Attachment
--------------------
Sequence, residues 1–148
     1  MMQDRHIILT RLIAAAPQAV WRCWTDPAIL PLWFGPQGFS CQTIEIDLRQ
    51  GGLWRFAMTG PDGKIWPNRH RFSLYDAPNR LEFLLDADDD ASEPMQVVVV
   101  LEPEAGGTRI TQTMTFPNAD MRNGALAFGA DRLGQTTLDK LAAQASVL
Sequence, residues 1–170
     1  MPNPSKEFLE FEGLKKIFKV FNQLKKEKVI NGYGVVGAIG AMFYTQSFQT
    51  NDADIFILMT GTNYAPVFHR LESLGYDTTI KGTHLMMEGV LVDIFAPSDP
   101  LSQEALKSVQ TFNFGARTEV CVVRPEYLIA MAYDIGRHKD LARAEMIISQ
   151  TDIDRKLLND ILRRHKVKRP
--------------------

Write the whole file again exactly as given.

Sequence, residues 1–148
     1  MMQDRHIILT RLIAAAPQAV WRCWTDPAIL PLWFGPQGFS CQTIEIDLRQ
    51  GGLWRFAMTG PDGKIWPNRH RFSLYDAPNR LEFLLDADDD ASEPMQVVVV
   101  LEPEAGGTRI TQTMTFPNAD MRNGALAFGA DRLGQTTLDK LAAQASVL
Sequence, residues 1–170
     1  MPNPSKEFLE FEGLKKIFKV FNQLKKEKVI NGYGVVGAIG AMFYTQSFQT
    51  NDADIFILMT GTNYAPVFHR LESLGYDTTI KGTHLMMEGV LVDIFAPSDP
   101  LSQEALKSVQ TFNFGARTEV CVVRPEYLIA MAYDIGRHKD LARAEMIISQ
   151  TDIDRKLLND ILRRHKVKRP